Representational Image. Image Courtesy: Times of India
New Delhi: India's exports dropped 1.8% to $27.36 billion in December 2019, the fifth straight month of contraction, on account of a significant fall in shipments of plastic, gems and jewellery, leather products and chemicals.
Imports too fell for the seventh consecutive months, down 8.83% at $38.61 billion in December 2019 -- helping narrow the trade deficit to $11.25 billion, showed government data released on Wednesday.
Gold imports shrunk by about 4% to $2.46 billion during the month under review.
The trade deficit was $14.49 billion in December 2018.
Of the 30 key sectors, as many as 18 segments showed negative growth in exports during the month.
Shipments of plastic, gems and jewellery, leather products, chemicals, carpet, petroleum and engineering goods contracted by 18.14%, 7.55%, 5.26%, 4.5%, 4%, 3.6%, 0.57%, respectively in December 2019.
The country's outbound shipments have remained subdued so far this year. It may have a bearing on the overall economic growth, which fell to over six-year low of 5% in the first quarter of the current fiscal.
Industrial output declined due to poor performance by manufacturing, power generation and mining sectors.
The outbound shipments contracted by 0.34% in November last year and 1.11% in October.
In December last year, oil imports declined by 0.83% to $10.69, and non-oil imports fell by 11.56% to $27.92 billion.
Cumulatively, during April-December 2019, exports were down 1.96% to $239.29 billion while imports contracted by 8.9% to $357.39 billion.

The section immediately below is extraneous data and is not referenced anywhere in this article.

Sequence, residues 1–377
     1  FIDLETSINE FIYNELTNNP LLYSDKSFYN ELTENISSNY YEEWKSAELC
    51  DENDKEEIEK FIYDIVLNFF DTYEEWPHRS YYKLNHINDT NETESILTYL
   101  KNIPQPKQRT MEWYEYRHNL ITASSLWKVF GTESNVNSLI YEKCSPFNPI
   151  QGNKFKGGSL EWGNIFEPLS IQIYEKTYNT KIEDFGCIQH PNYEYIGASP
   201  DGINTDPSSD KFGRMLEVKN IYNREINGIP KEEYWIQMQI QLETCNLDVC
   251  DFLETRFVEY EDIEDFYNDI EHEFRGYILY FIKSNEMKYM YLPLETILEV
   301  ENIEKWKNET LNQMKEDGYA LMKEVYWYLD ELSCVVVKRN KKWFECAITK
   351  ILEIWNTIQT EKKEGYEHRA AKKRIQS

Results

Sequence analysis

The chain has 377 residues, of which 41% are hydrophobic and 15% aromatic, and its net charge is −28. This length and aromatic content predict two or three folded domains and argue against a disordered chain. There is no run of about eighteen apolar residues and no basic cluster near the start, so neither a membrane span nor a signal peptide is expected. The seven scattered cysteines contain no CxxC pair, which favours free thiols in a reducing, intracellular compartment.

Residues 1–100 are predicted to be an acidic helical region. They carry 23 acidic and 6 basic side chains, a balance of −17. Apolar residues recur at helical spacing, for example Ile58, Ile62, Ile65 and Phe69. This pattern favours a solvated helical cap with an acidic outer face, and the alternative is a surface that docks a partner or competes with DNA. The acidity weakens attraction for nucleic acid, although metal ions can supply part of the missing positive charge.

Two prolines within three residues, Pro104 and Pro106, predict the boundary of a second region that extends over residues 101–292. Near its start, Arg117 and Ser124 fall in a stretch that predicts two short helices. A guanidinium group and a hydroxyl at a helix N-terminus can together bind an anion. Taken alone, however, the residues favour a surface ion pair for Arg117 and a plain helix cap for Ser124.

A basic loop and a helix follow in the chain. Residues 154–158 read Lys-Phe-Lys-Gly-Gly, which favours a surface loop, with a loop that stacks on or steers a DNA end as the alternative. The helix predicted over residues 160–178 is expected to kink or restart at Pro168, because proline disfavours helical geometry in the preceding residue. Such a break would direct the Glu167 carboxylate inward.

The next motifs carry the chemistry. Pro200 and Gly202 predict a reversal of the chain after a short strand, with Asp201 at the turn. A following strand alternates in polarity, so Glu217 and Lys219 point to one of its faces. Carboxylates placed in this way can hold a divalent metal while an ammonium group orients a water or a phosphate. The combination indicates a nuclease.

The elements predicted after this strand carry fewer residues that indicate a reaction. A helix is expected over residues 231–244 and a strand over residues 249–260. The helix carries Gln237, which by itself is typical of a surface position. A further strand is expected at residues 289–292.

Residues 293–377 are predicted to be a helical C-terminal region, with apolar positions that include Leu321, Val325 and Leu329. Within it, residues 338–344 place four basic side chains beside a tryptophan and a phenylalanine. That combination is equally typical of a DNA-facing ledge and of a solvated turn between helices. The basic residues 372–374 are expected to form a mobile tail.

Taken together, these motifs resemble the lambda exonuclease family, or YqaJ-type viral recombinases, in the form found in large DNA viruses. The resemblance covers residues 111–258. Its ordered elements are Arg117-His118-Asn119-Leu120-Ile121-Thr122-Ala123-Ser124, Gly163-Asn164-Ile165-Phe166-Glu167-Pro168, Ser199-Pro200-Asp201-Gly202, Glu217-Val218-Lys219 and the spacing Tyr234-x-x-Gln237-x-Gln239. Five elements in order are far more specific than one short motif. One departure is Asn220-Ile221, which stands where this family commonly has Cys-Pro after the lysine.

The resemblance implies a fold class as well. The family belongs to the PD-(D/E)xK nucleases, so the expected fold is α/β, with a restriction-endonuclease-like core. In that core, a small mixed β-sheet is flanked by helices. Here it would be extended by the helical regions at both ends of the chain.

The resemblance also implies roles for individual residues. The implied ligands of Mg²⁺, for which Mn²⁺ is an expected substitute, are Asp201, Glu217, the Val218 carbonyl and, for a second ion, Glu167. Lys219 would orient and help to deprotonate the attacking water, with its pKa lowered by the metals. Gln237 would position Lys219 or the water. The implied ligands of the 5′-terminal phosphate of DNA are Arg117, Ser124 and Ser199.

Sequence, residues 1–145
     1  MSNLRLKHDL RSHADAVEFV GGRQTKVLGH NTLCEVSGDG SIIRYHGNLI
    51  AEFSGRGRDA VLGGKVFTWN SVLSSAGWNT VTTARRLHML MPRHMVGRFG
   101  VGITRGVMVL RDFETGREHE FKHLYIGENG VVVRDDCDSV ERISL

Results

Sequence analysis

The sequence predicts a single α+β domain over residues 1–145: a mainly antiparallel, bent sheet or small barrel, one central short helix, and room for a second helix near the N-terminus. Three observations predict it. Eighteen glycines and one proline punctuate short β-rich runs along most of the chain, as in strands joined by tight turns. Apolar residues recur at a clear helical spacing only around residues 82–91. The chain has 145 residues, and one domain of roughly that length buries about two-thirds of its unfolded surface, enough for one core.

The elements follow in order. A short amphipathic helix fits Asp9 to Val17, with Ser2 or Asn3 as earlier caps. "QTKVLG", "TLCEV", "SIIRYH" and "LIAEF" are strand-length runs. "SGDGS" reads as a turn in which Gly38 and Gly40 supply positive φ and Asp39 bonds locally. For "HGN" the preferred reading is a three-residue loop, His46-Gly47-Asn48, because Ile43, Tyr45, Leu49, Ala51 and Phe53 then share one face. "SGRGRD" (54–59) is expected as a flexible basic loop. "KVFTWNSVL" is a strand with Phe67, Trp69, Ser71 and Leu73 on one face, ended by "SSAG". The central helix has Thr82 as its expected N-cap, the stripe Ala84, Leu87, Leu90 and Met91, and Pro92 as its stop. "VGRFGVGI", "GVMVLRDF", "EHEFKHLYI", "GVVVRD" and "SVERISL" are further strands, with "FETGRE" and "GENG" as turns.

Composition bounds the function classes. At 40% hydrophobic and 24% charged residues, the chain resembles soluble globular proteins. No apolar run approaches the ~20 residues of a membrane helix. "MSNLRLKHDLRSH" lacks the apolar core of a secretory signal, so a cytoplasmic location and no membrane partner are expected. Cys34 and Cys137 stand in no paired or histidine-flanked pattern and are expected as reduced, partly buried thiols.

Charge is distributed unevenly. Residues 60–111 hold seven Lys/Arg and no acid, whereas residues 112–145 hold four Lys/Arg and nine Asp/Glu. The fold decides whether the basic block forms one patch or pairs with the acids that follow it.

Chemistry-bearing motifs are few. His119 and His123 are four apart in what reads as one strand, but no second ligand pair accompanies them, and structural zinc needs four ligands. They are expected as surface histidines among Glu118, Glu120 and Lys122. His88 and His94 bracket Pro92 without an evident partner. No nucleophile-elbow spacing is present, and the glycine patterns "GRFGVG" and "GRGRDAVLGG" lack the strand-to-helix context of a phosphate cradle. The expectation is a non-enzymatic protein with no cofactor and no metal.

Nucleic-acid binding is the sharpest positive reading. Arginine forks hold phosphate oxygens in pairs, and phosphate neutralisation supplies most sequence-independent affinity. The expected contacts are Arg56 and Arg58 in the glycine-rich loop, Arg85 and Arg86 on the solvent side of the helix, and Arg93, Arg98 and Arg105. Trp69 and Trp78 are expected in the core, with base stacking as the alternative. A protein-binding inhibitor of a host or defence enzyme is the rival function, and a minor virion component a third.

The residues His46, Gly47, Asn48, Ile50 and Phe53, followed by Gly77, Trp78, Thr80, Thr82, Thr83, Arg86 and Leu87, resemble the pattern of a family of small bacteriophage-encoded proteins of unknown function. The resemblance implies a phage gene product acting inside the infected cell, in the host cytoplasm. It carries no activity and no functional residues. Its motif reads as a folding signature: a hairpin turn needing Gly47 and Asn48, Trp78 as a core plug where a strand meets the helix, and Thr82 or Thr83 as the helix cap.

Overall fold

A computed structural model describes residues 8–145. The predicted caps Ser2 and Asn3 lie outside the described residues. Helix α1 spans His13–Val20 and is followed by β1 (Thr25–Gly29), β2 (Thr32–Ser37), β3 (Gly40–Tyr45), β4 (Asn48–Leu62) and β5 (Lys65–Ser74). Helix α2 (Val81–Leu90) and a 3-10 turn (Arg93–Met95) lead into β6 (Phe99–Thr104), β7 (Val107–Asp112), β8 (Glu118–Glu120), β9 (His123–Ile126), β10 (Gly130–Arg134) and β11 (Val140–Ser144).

Trade deficit during the period narrowed to $118.10 billion as against $148.23 billion in April-December 2018-19.
Meanwhile, a Reserve Bank of India release showed that services export for November 2019 stood at about $18 billion while imports were at $11.5 billion.
Commenting on the figures, Apparel Export Promotion Council of India (AEPC) Chairman A Sakthivel said government support would help the industry to further push the exports.
"Rebate of State and Central Taxes and Levies Scheme (RoSCTL) and Merchandise Export from India scheme will five a much needed support to apparels and made ups sector," he said.
Federation of Indian Export Organisations (FIEO) President Sharad Kumar Saraf said global and domestic factors had again led to decline in exports.
The currency volatility besides fluctuation in commodities prices including that of crude have led to the decrease in exports of petroleum, which is a major constituent of exports.
"Domestic issues including uncertainty over MEIS was a major cause of concern as exporters' claim for over five months are still pending, which has completely wiped out their liquidity and has kept them in doldrums with regard to finalising new contracts," Saraf said.